In June 1964, a twelve-year old child was summonsed to appear at Dublin’s Children's Court. The offence for which he was charged related to an amateurish break-in when coerced and accompanied by older children. In terms of gravity the misbehaviour was hardly more than a prank. In the severe surroundings of that oak panelled court, deep in the bowels of Dublin Castle, Mickey was sentenced to serve Three years hard labour in what was then known as an industrial school. Letterfrack Industrial School to which he was sent is situated in Connemara, one of Ireland’s most isolated regions. For a child its remoteness found its equal only in a Siberian gulag; the likelihood of escape less than that from San Francisco’s notorious Alcatraz Prison. Its seclusion in this malevolent place of correction was a major factor in the institutionalised abuse of children by the Christian Brothers with whom these unfortunate waifs were placed Many of these ill-fated youngsters had not been convicted of any offence; their crime was that they were orphaned; most if not all were victims of dysfunctional family life. During his sentence Mickey, and the hundreds of other children who passed through this den of depravity, were methodically physically and mentally tortured and abused. The Irish State was instrumental in providing this depraved band of brothers with a steady supply of victims. With Taliban-like zeal the Christian Brothers methodically administered random life threatening beatings merely on a whim; the more injurious were witnessed by fellow brothers and many witnessed by other terrified children.
As an Irish national it gives me no pleasure to assist in recording an account of the heartbreaking suffering of those boys who, largely through no fault of their own, were sent to St Joseph’s Industrial School in Letterfrack, County Galway. The road to hell being paved with good intentions this hideous and now notorious children’s penal colony began life and for some, death, as a Quaker-inspired school in 1887. Through the passage of time it malformed into what was euphemistically called an industrial school (Scoileanna Saothair) for young boys. Today they are called Children’s Detention Schools. Under the Industrial Schools Act (1888) their purpose was to ‘care for neglected, orphaned and abandoned children.’ In essence they were a dumping ground for children who found themselves on the fringes of society. In 1954 there were three classes of boys placed in Letterfrack’s St Josephs: The Homeless and those guilty of criminal offences, the destitute sent by local authorities in accordance with the Public Assistance Act; those voluntarily admitted by parents and guardians. From its conception St Joseph’s Industrial School was mismanaged by the Congregation of Christian Brothers. In respect of those committed for criminal acts it should be remembered that these unfortunates were extremely young and their ‘offences’ petty in the extreme. It is a sobering thought that within our lifetime conditions at this school find their equal only in 18th Century English judicial barbarism. The nearby Fields of Athenry are poignant enough for most people’s stomachs. For many of the unfortunate boys who endured St Joseph’s transportation might well have been a blessing. The ‘school’s’ notoriety was founded upon the abuse and extreme physical and mental punishments inflicted upon defenceless children by a largely psychotic mob of cassocked ecclesiastic wardens. No fewer that 147 children died whilst under their tender mercies. Many of these brothers may be presumed to be practitioners of the dark arts. Only the devil could have been inspired to inflict such miseries on defenceless waifs; only darkness have conspired a whole community to turn aside from the wailing of hundreds of children through those dark decades of its existence. Some of the dreadful scenes are reminiscent of the scenes depicted in medieval tapestries in which the excesses of hell are defined. This is the testimony of Mickey Finn, himself an inmate from the age of twelve to sixteen. It is also an authentication, a memorial and recognition for each of the adolescent victims of those men of the cloth and their collaborationists. His account of life in this dreadful institution will give many pauses for thought as to the iniquities of man. It immortalises the cold hearted ethos of the judiciary. They will also be inspired by the selfless acts, rebelliousness and inborn stoicism of young boys in the face of extreme hostility. Mickey Finn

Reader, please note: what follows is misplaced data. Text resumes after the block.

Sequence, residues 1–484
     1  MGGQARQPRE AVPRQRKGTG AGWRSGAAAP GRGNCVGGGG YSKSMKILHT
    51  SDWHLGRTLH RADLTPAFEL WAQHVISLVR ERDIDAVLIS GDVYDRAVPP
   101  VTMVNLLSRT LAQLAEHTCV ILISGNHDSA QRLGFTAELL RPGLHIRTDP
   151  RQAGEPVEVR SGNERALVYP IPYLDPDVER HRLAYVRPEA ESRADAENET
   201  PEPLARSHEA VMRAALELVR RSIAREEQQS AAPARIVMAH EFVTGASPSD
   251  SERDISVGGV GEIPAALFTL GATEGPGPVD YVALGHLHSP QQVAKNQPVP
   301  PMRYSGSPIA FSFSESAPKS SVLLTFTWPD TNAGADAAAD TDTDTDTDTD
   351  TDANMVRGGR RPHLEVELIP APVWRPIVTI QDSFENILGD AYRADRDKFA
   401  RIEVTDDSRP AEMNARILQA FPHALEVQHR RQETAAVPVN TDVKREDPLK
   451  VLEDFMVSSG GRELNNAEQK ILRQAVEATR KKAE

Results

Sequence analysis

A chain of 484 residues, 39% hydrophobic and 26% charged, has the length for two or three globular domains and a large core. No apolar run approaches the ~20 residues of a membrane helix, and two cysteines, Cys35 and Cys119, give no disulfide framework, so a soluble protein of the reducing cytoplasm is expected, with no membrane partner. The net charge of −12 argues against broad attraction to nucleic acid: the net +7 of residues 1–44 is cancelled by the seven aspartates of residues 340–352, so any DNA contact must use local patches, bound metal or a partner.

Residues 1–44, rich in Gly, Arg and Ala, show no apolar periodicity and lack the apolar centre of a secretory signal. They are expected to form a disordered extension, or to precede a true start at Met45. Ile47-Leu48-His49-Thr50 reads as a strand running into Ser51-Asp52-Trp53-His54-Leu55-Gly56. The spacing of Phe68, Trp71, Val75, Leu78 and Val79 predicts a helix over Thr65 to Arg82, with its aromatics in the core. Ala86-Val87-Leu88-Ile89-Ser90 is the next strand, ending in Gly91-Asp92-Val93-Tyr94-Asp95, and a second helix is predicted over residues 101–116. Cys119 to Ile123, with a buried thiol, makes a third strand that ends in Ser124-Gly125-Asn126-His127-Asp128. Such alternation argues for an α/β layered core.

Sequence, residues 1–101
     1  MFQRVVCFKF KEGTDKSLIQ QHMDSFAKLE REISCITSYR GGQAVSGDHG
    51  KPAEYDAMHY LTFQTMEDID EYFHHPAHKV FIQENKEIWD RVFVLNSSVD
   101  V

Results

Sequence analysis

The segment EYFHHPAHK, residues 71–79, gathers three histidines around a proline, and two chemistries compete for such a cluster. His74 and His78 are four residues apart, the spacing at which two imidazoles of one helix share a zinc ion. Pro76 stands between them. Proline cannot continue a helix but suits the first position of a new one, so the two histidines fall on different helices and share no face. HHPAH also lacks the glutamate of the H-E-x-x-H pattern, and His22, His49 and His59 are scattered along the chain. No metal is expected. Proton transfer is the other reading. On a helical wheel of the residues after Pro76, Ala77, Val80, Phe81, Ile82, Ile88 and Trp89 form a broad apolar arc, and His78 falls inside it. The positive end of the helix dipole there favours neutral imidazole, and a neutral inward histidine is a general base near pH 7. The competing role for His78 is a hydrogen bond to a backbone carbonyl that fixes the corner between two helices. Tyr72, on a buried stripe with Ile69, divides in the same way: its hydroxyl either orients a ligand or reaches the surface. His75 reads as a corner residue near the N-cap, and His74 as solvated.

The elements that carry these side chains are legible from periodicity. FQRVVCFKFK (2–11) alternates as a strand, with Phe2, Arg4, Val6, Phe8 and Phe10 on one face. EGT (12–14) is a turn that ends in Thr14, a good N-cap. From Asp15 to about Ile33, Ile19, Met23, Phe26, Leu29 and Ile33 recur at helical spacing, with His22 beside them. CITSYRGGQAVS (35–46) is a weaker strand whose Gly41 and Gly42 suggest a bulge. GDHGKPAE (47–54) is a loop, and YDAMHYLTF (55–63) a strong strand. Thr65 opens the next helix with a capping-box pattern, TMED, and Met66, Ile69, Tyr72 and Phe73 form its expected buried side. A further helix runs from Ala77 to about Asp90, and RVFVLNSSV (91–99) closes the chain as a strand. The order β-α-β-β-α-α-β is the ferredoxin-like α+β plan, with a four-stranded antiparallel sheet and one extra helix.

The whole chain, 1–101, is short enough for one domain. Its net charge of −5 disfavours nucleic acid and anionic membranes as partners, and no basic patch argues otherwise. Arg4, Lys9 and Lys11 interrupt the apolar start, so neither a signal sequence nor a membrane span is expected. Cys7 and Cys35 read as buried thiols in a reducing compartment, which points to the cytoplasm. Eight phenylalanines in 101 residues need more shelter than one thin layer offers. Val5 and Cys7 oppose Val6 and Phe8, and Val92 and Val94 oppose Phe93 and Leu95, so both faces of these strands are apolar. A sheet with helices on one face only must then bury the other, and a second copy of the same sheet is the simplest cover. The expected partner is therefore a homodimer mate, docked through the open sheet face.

In June 1964 a twelve year old child was summoned to appear at Dublins Children's Court. The offence for which he was charged related to an amateurish break-in when coerced and accompanied by older children. In the severe surroundings of that Oak panelled court, deep in the bowels of Dublin Castle. I Mickey Finn was sentenced to three years in what was then known as. St Joseph's Industrial school. Letterfrack. Connemara. Ireland. It gives me no pleasure as an Irish Citizen to assist in recording an account of the heartbreaking tribulation of those boys who, largely through no fault of their own were sent to this Devils School and were abused by the Christan Brothers on a daily basis. Mickey Finn is the pen name of RFH who after living away from Ireland for over twenty years has returned. To see that not a lot has changed in his native land. This has resulted in the writing of this harrowing autobiography. Mickey lives in Dublin and has five children and eight grand children.